What to Know Before You Make Your First Investment
Set realistic expectations by understanding investing basics
Socrates said, "To know thyself is the beginning of wisdom." Knowing yourself should also be the starting point before you make your first investment. Next, you have to understand investing basics so you can combine investments to achieve the right combination of safety, income, and growth—known as building a portfolio.
Only once you know yourself and understand the basics of investing can you pick the perfect investment for you. In a perfect world, the perfect investment would be safe, provide income, and grow. It is the unicorn of investing that everyone is seeking. Unfortunately, it doesn't exist, but there are investments that will be a benefit to you.
What's Most Important to You?
The first step to investing is to determine which of the following results are most important to you at this stage of your life:
If you are just starting your adult financial life and have no emergency fund, you probably want to focus on safety first. If you have a cushion saved up, and you are investing for retirement 20 years or more down the road, growth would be most important. If you're about to retire, you'll want to focus on income.
Of course, the ideal investment would provide them all. It would be completely safe, it would provide you with a sufficient level of income to keep pace with inflation, and your principal would grow.
That perfect investment does not exist. Instead, think of the investing world like a triangle. As you move toward one corner of the triangle, you move away from the other two.
If you want a safe investment, you have to be willing to accept less income and growth—as defined by the market value of the investment. If you want an investment that produces a consistent income, you have to understand that it will not grow much. If you want an investment that grows, you have to be willing to accept less safety.
Determine Your Time Horizon
Your time horizon is when you will potentially need the sum you are investing for other uses. These uses—known as goals—include saving for education, saving to buy a home, and saving for retirement.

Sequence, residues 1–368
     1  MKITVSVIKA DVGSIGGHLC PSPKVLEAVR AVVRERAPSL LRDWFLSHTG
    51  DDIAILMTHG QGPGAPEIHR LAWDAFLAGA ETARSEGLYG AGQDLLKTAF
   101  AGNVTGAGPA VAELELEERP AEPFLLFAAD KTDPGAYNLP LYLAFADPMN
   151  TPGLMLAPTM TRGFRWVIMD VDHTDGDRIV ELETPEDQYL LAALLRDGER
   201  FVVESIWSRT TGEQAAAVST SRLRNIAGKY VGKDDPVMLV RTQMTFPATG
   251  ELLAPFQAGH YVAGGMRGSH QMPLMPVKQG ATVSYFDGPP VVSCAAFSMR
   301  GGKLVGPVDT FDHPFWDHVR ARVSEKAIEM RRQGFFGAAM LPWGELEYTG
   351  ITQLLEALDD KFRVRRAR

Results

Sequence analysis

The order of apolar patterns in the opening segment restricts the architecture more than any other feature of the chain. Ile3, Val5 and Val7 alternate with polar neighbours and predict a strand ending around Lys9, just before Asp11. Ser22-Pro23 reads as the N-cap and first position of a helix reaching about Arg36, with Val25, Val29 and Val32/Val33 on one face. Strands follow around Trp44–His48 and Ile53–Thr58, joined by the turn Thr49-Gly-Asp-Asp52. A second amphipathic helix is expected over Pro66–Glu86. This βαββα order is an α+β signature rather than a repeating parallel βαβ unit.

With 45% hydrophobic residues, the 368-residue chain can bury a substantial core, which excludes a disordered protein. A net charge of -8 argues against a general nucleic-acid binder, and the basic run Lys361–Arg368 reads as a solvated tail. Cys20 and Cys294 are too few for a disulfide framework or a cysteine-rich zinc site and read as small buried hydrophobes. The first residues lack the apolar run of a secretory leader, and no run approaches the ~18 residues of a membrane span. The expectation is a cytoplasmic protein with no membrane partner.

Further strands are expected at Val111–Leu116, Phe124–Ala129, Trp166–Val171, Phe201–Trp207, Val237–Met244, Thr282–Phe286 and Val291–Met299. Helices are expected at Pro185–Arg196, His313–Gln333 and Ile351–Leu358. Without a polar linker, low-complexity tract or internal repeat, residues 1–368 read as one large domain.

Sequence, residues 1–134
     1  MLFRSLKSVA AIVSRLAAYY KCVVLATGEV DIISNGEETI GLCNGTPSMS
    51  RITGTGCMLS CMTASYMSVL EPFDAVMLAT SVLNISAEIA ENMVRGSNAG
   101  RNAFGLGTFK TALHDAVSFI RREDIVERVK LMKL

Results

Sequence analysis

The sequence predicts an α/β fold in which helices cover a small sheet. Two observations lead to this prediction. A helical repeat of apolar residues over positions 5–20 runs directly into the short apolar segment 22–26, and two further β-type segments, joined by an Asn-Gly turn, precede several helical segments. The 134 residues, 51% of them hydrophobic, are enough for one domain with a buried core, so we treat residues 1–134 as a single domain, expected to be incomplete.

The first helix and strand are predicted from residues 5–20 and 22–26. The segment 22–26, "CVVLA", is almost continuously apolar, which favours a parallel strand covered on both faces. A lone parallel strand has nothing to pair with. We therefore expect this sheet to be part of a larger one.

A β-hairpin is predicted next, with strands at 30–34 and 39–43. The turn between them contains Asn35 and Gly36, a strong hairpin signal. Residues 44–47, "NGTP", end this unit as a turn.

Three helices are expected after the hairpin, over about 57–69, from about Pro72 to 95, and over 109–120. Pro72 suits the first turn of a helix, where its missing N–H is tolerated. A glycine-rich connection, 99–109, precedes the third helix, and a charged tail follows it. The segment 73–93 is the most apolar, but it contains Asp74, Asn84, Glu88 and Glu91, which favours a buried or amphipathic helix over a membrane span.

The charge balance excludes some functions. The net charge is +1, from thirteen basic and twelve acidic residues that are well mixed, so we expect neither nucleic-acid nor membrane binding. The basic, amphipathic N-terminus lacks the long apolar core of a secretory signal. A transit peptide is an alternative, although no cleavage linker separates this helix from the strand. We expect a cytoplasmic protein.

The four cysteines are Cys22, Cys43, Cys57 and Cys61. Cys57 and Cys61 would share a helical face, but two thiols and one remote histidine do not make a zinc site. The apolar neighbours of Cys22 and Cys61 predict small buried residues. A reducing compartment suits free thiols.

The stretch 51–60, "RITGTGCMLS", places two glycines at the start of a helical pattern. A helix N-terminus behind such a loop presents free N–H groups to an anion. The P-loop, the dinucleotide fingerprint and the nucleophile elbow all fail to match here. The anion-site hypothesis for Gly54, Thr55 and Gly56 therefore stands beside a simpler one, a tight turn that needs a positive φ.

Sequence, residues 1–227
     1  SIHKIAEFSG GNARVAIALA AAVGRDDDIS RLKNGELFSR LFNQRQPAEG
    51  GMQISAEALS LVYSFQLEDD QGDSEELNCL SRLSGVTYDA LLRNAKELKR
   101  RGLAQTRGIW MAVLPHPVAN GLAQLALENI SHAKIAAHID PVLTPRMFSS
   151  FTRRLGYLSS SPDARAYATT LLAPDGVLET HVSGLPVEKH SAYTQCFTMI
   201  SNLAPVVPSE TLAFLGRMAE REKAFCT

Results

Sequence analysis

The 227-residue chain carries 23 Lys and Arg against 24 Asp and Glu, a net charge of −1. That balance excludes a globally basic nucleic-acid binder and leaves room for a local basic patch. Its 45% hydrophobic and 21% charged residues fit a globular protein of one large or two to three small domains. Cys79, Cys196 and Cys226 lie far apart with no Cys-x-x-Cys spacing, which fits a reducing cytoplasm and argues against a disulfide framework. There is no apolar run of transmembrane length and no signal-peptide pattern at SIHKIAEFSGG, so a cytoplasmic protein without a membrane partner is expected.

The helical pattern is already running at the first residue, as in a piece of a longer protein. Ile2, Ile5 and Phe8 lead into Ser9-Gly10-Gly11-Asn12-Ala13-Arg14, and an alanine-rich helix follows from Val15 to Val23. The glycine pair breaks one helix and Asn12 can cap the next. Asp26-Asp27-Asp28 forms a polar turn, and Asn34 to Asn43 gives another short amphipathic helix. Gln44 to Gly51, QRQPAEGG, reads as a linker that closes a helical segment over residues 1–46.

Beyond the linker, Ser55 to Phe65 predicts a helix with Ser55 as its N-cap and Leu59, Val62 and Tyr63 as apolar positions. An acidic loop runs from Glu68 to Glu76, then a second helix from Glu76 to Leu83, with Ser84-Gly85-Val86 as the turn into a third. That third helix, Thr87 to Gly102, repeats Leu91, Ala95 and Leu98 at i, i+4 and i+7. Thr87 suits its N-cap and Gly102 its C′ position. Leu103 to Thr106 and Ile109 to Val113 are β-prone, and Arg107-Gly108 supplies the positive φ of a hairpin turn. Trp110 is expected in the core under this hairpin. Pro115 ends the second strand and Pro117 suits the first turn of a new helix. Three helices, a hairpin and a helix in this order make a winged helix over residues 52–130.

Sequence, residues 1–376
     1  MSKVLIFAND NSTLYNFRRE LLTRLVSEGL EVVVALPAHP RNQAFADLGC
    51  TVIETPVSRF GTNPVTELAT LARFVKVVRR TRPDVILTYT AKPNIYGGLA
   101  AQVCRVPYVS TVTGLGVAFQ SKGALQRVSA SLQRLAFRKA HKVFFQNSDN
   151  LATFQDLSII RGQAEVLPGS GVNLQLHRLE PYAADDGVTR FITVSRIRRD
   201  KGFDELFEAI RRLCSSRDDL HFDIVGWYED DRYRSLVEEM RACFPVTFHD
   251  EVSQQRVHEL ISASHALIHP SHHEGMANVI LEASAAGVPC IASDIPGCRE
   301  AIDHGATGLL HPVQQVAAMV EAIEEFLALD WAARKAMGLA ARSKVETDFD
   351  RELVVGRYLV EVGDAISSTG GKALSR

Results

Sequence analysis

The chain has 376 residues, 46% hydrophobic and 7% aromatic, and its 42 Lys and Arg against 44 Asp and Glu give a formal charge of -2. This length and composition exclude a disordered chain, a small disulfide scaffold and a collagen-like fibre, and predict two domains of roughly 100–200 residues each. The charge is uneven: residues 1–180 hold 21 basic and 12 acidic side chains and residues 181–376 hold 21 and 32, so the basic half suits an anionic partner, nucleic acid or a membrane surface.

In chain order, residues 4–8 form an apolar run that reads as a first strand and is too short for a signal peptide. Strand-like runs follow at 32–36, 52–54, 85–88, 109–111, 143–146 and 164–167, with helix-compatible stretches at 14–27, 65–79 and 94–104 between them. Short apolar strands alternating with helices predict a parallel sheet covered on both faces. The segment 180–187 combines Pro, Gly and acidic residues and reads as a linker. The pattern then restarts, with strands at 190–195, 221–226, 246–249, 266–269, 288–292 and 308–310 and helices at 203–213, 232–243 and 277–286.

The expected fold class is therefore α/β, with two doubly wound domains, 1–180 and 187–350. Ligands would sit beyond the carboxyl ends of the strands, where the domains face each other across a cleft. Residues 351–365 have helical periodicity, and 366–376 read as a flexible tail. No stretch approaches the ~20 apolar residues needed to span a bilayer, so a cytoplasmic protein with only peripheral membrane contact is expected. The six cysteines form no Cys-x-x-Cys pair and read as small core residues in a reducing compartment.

- Short-term: money you will potentially need within one to two years. For short-term money, you should choose safe investments like savings accounts and certificates of deposits (CDs) offered by most banks and credit unions.
- Mid-term: money you will potentially need within three to nine years. For mid-term money, consider a balanced fund.
- Long-term: money you will not need for 10+ years. For long-term money, choose growth investments, like index mutual funds that invest in stocks.
Keep in mind, even if you will need income from your investments within a few years, your big-picture time horizon is your life expectancy, so a portion of your investments would still be allocated toward growth.
To invest with discipline, you must understand what investments provide, which results, and combine them in the right proportions. Like cooking, if you know what you are doing when you put the ingredients together in the right proportion, you get an outcome with which you are happy. Once you have the recipe right, all you have to do is follow it.
You'll need to decide if you are comfortable investing yourself, or if you should seek professional guidance. Your choices are:
- Do it yourself.
- Do it with someone to guide you.
- Let someone do it for you.
Many people are comfortable with setting up accounts online or through their employer's retirement plan. The kits provided by employer plans usually provide excellent educational information and will walk you through the actions required to establish an account and start putting money into investments. You can even read books and listen to investing podcasts to learn more.
Some of you will want some hand-holding. It is where the services of a good financial advisor can be quite valuable. An advisor or financial planner can help you determine what types of accounts to use, how much to save, what types of insurance you need, and what investments to use. When you find a good financial advisor, you'll also find they will teach you about investing, so you learn as you go.
Unless you have advanced knowledge and experience as an investor, you should probably seek help. Statistically, individual investors will find it hard to create sustainable, tax-efficient growth without the help of a professional.
Your retirement savings isn't a place for financial experimentation. If you want to learn how markets work and start investing, use a virtual account that trades with fake money. Later, you could commit a small amount of real money to an account outside of your retirement funds.
The Balance does not provide tax, investment, or financial services and advice. The information is being presented without consideration of the investment objectives, risk tolerance, or financial circumstances of any specific investor and might not be suitable for all investors. Past performance is not indicative of future results. Investing involves risk, including the possible loss of principal.